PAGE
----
But then a strange rumor reached Mr. Deutch's ears; someone told him that in Poland there were Jews called Chassidim who stressed joy and boundless enthusiasm and had leaders called Rebbes that did miracles like …… healing the sick.

At first he didn't believe it; Jews? Miracles? Things like that only happened thousands of years ago by people like Elijah the prophet. But now!? In the 18th century?! Out of the question! And what was this business about joy and excitement? In Germany all this was totally unheard of. German Judaism was, above all, normal, balanced, and formal. Miracles, rarely, if ever entered the picture and even joy was restricted to certain occasions and holidays.

But as he made more inquires and heard more details he began to pay attention. People were saying that there was a Jew called Rabbi Yissacher Dov of Radoshitz nicknamed the 'Saba Kadisha' (holy grandfather) Who was a genius in Torah, knew all the books, had thousands of pupils, people came to him with their problems from all over Europe and he did miracles!

Mr. Deutch thought it over for a few weeks and finally decided to give it a try. He took a briefcase filled it with money, packed his bags, got into his fancy carriage with his son and a few days later they were standing in the Synagogue of the "Holy Saba of Radoshitz" waiting to be called for an audience.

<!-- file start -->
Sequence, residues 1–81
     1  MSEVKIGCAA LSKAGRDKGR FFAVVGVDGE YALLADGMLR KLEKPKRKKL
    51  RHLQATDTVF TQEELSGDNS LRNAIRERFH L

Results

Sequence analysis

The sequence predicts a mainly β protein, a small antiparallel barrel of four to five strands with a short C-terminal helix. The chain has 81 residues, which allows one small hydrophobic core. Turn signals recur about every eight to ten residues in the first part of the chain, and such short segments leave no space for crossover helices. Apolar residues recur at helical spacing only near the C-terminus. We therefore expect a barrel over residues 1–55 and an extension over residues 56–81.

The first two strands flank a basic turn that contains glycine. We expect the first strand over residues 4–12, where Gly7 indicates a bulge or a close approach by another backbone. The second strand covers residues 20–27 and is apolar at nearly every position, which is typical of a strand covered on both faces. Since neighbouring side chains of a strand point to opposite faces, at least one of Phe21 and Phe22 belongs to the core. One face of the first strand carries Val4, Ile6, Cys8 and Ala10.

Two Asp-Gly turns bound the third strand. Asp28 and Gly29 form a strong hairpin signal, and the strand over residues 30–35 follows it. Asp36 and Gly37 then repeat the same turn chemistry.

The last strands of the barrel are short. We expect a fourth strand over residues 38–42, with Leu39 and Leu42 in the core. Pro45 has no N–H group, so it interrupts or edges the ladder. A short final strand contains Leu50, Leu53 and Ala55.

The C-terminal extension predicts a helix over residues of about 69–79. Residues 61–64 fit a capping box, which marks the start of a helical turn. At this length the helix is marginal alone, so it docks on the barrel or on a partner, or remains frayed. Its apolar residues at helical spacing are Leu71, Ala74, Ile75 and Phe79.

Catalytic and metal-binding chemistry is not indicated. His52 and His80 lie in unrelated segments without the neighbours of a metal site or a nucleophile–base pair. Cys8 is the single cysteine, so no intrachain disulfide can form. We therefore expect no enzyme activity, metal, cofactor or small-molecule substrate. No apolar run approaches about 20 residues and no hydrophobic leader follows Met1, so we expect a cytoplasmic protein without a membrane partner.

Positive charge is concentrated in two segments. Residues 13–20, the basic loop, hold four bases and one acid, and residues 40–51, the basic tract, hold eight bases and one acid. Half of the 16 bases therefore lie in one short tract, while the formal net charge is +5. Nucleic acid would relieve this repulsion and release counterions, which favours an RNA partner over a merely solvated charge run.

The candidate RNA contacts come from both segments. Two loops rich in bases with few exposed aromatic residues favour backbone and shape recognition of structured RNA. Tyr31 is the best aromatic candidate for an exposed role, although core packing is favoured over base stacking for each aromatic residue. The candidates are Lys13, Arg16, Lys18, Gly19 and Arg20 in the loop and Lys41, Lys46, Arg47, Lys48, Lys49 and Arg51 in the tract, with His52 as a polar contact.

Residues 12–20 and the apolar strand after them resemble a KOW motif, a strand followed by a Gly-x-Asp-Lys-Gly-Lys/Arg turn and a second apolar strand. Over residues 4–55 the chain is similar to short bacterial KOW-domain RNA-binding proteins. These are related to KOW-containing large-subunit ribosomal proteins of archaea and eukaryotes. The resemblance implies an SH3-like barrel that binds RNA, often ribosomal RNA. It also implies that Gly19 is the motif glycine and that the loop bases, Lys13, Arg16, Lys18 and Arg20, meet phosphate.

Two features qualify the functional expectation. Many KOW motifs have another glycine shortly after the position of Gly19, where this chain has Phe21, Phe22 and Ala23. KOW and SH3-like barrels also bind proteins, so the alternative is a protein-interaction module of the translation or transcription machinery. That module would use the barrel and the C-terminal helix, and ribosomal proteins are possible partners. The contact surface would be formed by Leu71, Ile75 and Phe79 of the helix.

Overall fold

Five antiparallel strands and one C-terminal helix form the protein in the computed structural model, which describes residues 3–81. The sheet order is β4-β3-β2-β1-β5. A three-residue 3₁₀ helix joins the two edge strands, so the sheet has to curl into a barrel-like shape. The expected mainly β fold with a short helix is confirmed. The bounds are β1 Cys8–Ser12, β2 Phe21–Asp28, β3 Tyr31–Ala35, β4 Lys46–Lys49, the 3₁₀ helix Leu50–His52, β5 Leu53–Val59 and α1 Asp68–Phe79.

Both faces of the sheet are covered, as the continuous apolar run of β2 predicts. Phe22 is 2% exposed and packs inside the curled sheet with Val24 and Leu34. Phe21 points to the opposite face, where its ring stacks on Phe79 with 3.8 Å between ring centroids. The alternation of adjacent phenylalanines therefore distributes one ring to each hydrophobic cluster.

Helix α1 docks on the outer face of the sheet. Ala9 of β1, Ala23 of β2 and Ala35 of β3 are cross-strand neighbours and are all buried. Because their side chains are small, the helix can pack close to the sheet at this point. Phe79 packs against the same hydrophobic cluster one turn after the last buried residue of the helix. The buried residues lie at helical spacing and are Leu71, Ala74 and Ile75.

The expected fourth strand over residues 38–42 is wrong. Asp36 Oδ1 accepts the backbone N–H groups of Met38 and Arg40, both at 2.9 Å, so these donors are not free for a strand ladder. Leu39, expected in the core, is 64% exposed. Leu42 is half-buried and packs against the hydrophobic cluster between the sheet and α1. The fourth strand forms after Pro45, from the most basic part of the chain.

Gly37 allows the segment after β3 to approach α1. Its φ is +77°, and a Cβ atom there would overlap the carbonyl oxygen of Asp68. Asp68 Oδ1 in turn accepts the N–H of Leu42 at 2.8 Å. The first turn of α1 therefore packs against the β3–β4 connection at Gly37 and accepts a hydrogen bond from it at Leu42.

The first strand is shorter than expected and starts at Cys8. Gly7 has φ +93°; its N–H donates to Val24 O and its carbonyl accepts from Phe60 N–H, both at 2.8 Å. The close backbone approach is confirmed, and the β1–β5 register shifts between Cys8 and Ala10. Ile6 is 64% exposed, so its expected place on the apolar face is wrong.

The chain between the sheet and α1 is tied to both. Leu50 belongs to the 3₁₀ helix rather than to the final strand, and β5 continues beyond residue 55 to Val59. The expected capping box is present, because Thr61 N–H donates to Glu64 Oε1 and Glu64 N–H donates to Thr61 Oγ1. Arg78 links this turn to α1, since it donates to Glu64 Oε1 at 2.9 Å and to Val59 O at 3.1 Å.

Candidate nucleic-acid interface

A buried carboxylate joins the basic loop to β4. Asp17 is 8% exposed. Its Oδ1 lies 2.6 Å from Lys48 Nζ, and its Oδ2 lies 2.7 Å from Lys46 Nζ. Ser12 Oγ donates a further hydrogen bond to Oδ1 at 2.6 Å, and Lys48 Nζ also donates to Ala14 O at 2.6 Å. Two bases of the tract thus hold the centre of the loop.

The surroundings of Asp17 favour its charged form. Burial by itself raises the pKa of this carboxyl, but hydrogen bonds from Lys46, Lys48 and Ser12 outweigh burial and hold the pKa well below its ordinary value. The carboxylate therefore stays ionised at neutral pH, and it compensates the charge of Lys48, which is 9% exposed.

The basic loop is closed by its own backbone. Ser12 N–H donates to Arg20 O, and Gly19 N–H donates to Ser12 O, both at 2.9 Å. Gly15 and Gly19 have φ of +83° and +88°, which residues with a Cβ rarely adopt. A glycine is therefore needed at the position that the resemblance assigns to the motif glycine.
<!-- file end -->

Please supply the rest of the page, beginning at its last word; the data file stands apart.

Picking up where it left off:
The Rabbi's door opened, a strikingly impressive Jew exited, introduced himself as Shlomo of Radomsk, a pupil of the holy Rabbi (in time, this Rabbi Shlomo would also become a holy Rebbe with thousands of followers of his own) and asked them to enter.

Mr. Deutch entered with his son and was struck by the holiness of the old Rabbi sitting before him. The Rabbi asked what he wanted and Mr. Deutch, knowing that this was his last hope, began weeping as he explained his problem and finished, tears running down his face, with a promise from the depths of his broken heart, "Rebbe, if you can heal my son I'm willing to give you everything I own! Everything! Here is a briefcase full of money. Take it! And if you cure my son I'll sign over to you all the rest!"

With this he burst out into uncontrollable weeping while his son just looked on from his world of silence with a blank, slightly perplexed look on his face.

The Rebbe of Radoshitz looked at him for a few seconds, nodded his head in agreement and said,